In addition, I heard that Madonna sent a message to her fans that she is against a military attack and hoping for peace.
You can see more about the Madonna news item at:
It makes a big difference when you hear this come from the mouth of a big star.
I do not quite understand the response from the spectators though.
|Comment 4: September 13, 2001 11:53 AM|
|Media pied-pipers seem to have joined hands with a number of politicians to stir up blind patriarchy in America. They call the WTC attack "the second Pearl Harbor," making a new propaganda out of the recycled racial stereotype: The Arabs are just as dangerous and obnoxious as the Japanese. According to a column by Steve Macleavy for New York Post, "The response to this unimaginable 21st century Pearl Harbor should be as simple as it is swift -- kill the bastards...As for cities or countries that host these worms, bomb them into basketball courts."
Remarks like this do not reach Japan. In toned-down translations on the Japanese websites (many of them run by U.S. multinationals), "offensive" expressions are unofficially censored.
In Japan, we must watch out for Koizumi's move toward militarism camouflaged by his "total support for the U.S." Japan's potential legal amendment to support America's warfare must be convenient and amusing to the White House. The calmer side of the American media is weary of the hasty move. In yesterday's San Francisco Chronicle, Jon Caroll wrote: "That's the problem with using Pearl Harbor as a metaphor. That's the problem with declaring war. The aphorism should be obvious: first the enemy, then the war." (www.sfgate.com/cgi-bin/article.cgi?file=/chronicle/archive/2001/09/12/DD86544.DTL) On top of all that, who needs a second Hiroshima in the Middle East, or possibly, in one or both of our homelands?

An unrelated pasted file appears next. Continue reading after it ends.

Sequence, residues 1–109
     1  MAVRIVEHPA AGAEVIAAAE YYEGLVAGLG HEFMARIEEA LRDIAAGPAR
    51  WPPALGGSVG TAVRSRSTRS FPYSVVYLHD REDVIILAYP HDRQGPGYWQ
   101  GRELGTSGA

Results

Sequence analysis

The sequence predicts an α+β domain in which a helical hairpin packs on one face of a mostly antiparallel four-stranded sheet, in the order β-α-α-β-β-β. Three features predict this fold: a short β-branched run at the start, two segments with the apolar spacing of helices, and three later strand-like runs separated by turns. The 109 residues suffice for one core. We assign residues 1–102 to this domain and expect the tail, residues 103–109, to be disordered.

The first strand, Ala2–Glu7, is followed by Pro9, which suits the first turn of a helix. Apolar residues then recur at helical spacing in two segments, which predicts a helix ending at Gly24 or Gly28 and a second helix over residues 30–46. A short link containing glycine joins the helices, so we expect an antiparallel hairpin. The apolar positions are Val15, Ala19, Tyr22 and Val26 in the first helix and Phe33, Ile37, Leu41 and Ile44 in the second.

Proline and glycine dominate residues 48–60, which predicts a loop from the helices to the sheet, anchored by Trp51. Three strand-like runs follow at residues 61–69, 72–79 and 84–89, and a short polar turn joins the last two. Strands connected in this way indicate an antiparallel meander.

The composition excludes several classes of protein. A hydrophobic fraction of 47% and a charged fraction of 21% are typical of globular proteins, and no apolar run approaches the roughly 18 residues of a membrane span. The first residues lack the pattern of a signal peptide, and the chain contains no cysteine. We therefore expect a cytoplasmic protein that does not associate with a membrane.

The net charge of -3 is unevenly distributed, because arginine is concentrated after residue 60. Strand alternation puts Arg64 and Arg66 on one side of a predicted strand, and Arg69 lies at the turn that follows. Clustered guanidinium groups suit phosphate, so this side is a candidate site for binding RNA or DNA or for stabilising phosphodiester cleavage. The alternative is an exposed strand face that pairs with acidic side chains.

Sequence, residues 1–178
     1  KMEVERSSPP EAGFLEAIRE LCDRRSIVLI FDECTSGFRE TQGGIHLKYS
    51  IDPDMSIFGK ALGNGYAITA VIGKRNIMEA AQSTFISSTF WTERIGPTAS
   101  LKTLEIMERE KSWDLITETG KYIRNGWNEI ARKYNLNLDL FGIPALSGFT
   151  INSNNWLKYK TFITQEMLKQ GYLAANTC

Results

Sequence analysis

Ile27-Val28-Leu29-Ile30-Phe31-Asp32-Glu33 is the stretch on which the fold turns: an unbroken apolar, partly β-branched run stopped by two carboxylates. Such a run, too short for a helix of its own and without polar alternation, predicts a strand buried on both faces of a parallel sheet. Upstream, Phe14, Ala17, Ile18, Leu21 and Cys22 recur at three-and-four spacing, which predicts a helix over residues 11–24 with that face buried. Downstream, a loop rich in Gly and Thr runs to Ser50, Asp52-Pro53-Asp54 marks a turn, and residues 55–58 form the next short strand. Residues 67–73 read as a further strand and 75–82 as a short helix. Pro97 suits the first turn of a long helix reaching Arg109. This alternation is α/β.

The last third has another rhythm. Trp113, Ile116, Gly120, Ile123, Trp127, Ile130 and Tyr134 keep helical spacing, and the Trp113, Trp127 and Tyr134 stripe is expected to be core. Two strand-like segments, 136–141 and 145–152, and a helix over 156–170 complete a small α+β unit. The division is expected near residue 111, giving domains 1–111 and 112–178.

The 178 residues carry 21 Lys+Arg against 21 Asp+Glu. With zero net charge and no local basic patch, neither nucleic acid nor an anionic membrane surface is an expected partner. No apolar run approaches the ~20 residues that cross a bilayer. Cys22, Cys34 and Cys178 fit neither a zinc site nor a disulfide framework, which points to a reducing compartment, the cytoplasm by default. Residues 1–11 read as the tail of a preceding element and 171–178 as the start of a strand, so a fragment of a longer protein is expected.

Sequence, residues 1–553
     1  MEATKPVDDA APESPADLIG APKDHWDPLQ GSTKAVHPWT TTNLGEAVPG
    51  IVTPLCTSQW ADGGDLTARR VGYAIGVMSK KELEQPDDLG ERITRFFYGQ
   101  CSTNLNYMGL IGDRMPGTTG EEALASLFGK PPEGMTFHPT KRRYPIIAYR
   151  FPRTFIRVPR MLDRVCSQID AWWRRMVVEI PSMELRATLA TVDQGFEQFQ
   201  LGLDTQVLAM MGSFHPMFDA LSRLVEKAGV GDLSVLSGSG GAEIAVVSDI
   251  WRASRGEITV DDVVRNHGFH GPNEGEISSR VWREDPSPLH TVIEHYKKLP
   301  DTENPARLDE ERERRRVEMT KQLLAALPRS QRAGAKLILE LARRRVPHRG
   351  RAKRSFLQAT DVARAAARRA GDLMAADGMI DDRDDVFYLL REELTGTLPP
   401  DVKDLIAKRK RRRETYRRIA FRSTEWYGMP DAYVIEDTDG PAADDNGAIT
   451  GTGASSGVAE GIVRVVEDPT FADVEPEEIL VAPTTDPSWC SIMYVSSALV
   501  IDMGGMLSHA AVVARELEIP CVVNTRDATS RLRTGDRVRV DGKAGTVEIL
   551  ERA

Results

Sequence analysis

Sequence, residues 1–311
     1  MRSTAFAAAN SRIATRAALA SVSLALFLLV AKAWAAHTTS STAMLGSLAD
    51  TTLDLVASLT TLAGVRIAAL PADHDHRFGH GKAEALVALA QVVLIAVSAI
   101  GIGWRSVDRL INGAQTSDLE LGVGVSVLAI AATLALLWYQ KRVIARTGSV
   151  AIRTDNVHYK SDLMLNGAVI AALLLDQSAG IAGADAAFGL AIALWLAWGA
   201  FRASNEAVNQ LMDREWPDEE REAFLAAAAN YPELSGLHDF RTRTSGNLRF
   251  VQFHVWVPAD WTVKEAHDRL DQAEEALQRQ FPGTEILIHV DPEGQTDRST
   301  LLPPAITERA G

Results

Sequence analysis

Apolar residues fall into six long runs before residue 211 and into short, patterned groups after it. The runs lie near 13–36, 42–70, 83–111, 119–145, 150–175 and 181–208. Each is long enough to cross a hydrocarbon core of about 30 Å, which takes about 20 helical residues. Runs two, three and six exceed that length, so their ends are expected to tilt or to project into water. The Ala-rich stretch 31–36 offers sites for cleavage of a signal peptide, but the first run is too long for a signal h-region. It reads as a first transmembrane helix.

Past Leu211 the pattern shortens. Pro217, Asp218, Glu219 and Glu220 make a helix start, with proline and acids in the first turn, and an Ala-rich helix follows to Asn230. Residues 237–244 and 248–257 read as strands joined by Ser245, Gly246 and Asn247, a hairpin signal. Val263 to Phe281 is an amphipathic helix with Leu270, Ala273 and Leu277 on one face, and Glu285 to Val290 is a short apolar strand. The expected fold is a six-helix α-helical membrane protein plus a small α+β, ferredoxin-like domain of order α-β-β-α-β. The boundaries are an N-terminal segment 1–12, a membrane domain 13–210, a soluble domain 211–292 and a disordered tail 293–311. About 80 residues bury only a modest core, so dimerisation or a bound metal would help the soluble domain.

|Comment 3: September 13, 2001 5:45 AM|
|NY as the world's capital|
|I am moved by the strong and humanistic nature of New Yorkers who are not preoccupied with only themselves but are willing to participate in volunteer work right after this tragic incident happened. At the same time I feel appalled imagining how it would be if this kind of thing would have happened in Japan. As long as New York maintains this attitude, it will remain as the capital of the world.
|Comment 2: September 12, 2001 10:18 PM|
|Name: Masahiko Kunihiro|
|To peace wishers.
Heartfelt condolence to the victims of this tragic incident in New York City as well as to every citizen of the United States. This incident seems to be perceived widely as a deed of and a call to war. However I wish people would make the most of human wisdom to prevent the reproduction of disaster on a worldwide scale.
|Comment 1: September 12, 2001 6:23 PM|
|I feel like part of myself broken off.|
|Condolences to the victims of the attack on WTC. I appreciate to have this place to express my feeling and opinion, since I am a New Yorker far away in Kyoto. I am totally distressed by this event and feel like part of myself broken off. But I make best efforts to watch carefully what the US government will do. This one is big-scaled; nevertheless, it's terrorism, not a war. Attack against attack never worked to stop terrorism. I hope that openness of NY prevails ultimately in this world.